To keep RTD’s buses and trains moving every day, safety is paramount
RTD must keep a daunting array of rules in mind when managers try to keep the buses and trains running on time. Operators can’t drive for more than 10 hours a day. They get a $2-an-hour bonus when they’re required – or mandated – to work a sixth day for the week. Work weeks can’t total more than 70 hours. And, operators who are mandated must be notified 72 hours in advance.
But the main rule is simple: Design a transit operating system where passengers and employees are as safe as possible. While everything else is important, it’s all secondary to that premise.
Questions about how best to follow the first rule – while keeping the system running – jumped to the top of the front page this week as RTD’s recruitment and retention challenges intensified. At the RTD Board of Directors meeting Tuesday, staff presented a proposal to resolve recent service disruptions that includes a temporary reduction to scheduled services.
That unpleasant option spotlighted for the public the fact that turnover and vacancies in bus and light rail operators is now severe, forcing both canceled trips and a spiraling departure of employees tired of filling in gaps.
While no decision was made, RTD managers said they are redoubling the agency’s efforts to recruit new operators and make work less stressful for those already on board, using any means they can find. The new efforts include using advanced planning software to reduce six-day mandating; reducing split shifts that break up operators’ days; reaching out to potential employees in new ethnic and language groups to expand the applicant pool; and listening more carefully to employee concerns about family life.
“Management at every level is working on improving our relationships with operators, to help ease that strain,” said Sarah Boettcher, manager of light rail operations for RTD.
Some operators have expressed concerns that the demands are tiring out employees and aren’t sustainable. RTD managers say they agree. They add that the public should know both RTD and federal operating rules prioritize safe service by placing strict limits on hours worked.
Those limits make it tough for schedulers – but should reassure the public, RTD managers said. For light rail, Boettcher noted, “this involves making sure they have no more than 12 hours of on-duty time in one day, with up to 10 of those hours being operational time in the seat. This also requires a minimum of 8 hours off between shifts, and must be no more than 70 total hours in 8 consecutive days.”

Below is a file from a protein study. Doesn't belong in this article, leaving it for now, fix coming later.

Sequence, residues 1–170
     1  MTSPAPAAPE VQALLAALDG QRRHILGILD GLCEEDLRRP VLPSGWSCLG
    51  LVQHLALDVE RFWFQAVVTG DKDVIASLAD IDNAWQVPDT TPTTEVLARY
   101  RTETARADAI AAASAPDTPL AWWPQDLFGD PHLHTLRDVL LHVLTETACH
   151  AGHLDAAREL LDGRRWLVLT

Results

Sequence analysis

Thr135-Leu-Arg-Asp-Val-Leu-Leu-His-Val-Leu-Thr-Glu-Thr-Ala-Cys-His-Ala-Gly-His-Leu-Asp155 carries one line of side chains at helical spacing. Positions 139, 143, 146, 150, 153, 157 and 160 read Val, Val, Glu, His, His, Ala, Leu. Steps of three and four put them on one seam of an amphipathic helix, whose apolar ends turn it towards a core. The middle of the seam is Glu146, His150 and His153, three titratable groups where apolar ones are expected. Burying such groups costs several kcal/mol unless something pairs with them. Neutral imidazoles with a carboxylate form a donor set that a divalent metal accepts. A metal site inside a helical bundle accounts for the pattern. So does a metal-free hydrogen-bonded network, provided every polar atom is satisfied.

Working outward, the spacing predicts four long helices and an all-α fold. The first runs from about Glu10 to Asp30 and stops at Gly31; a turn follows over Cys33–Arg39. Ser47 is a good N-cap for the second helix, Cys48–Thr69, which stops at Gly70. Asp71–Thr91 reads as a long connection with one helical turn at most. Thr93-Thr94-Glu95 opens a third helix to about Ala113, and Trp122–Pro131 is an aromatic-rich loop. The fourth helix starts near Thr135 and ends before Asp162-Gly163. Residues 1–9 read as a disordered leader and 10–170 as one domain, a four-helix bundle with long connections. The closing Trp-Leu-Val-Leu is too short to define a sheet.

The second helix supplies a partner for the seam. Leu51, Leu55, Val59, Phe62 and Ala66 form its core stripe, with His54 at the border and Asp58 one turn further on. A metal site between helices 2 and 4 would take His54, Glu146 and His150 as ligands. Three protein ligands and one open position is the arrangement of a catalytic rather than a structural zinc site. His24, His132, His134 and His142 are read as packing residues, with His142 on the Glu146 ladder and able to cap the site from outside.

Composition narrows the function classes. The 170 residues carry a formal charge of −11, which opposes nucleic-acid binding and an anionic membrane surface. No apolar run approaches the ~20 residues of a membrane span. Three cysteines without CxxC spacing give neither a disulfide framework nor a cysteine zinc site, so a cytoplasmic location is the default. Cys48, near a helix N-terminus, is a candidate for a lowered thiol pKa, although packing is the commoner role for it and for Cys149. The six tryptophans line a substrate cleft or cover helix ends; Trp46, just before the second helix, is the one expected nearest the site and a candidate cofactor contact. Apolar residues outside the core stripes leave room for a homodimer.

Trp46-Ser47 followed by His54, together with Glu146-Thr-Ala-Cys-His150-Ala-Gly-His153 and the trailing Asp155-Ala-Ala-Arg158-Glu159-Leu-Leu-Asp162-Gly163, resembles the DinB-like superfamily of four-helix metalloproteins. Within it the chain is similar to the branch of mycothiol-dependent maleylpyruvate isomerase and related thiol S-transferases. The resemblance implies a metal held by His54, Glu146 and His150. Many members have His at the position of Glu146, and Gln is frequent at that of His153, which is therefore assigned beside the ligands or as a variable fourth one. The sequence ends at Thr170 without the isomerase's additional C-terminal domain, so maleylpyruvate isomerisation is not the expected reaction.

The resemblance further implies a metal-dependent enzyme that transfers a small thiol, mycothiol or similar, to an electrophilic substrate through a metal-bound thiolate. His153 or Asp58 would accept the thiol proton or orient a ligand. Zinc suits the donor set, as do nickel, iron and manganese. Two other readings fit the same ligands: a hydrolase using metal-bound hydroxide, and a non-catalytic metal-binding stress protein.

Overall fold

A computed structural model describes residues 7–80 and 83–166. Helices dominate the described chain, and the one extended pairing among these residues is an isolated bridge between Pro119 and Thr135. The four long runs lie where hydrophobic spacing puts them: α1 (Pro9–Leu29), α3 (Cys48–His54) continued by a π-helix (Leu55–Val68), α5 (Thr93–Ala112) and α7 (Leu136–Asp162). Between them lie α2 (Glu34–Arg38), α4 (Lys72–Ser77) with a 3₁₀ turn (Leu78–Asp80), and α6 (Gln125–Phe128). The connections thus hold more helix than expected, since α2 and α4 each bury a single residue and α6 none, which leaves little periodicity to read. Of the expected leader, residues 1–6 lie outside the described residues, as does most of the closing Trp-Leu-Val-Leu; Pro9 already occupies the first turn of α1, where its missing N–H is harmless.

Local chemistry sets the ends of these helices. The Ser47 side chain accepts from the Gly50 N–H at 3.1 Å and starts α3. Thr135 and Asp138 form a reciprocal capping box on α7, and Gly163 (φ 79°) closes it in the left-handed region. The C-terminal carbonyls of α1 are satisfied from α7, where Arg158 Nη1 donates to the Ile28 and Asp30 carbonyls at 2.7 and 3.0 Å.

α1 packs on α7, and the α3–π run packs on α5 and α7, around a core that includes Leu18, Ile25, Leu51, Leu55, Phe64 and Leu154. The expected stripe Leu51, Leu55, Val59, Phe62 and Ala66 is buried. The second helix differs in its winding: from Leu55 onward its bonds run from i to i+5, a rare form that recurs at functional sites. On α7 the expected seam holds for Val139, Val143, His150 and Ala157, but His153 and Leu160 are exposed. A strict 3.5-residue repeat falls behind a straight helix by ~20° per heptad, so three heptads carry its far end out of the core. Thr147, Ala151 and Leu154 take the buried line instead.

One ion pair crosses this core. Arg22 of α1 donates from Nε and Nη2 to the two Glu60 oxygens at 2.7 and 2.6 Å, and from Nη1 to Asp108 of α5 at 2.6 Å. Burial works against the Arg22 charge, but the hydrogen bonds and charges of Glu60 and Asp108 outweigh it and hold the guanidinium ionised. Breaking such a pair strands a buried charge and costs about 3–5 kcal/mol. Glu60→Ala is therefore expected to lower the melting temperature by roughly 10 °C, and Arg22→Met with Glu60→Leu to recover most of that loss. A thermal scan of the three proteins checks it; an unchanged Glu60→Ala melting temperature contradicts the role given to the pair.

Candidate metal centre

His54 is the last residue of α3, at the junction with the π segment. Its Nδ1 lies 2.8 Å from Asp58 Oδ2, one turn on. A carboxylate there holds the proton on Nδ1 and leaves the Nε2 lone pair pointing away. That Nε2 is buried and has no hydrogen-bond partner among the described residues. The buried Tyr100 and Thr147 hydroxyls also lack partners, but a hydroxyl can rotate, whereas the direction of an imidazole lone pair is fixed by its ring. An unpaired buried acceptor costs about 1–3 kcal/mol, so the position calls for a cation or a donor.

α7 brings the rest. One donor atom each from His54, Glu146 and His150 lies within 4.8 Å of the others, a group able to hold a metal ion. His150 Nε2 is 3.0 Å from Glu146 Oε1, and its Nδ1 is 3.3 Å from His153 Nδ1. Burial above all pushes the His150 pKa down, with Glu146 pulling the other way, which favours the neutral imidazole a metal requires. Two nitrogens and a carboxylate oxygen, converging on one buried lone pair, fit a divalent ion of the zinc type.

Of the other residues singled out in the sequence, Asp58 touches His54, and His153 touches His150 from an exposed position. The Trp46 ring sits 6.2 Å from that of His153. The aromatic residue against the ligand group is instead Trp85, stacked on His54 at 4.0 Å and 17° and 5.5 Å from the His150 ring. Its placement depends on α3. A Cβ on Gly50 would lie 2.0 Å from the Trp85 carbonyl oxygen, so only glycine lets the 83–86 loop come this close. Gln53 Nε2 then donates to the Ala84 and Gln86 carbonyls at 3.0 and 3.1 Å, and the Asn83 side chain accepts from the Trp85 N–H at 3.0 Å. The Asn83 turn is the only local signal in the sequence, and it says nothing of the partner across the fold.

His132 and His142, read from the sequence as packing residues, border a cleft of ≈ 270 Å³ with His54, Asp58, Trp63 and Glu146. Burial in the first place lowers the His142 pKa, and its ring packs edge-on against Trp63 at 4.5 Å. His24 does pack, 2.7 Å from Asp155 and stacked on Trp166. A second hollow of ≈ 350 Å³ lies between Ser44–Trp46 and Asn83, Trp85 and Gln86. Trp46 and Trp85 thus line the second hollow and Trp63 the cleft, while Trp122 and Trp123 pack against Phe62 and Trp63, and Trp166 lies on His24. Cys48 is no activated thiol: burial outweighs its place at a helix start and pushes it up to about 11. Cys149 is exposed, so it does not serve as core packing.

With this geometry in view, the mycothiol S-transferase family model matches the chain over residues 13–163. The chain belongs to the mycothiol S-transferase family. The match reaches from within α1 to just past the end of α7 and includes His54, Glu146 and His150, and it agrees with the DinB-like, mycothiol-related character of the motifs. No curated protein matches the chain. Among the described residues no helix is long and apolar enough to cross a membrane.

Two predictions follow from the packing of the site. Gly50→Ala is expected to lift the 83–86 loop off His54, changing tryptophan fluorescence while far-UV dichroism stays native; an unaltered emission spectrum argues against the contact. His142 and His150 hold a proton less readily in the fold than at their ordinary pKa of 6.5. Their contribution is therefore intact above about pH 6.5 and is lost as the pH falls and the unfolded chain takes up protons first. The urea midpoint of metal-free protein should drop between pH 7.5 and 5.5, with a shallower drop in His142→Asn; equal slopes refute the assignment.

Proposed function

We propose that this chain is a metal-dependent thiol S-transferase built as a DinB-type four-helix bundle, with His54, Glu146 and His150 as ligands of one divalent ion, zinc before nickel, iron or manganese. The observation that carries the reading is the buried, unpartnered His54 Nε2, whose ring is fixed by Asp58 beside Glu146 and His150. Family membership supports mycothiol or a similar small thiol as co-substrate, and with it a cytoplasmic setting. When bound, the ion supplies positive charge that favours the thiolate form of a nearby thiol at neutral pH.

With most RTD operators now having to work six-day weeks, managers and recruiters need to understand that the current generation of job applicants is different, said general superintendent of transportation Chris Deines. Younger employees see their family time as untouchable, and are not as open to the early and late shift demands of a “24-7-365” transit operation.
At the same time, there are still employees who want as much overtime as they can get, and would work more if federal transit rules didn’t cap their weekly hours, Deines noted.
For anyone inside RTD who feels that time stresses might be affecting safety, Deines has a clear message: “Safety is our top core value in the company. Anytime any employee or operator sees that something is unsafe or is asked to do something they feel is unsafe, they should come forward. Not only should they report it to their supervisor, they are obligated to do that.”
The challenge of recruiting and retaining enough employees is a communitywide problem that calls for communitywide suggestions and solutions, Boettcher added. RTD has slimmed down application requirements to speed up the hiring process, and just had a job fair for pre-screened applicants that produced 40 high-potential candidates.
That’s a great start, Boettcher said. In the meantime, she added, “we seek input from every level of our organization – we’re open to suggestions for solutions. I have an open-door policy, and so does my manager, and his manager. We’re willing to listen.”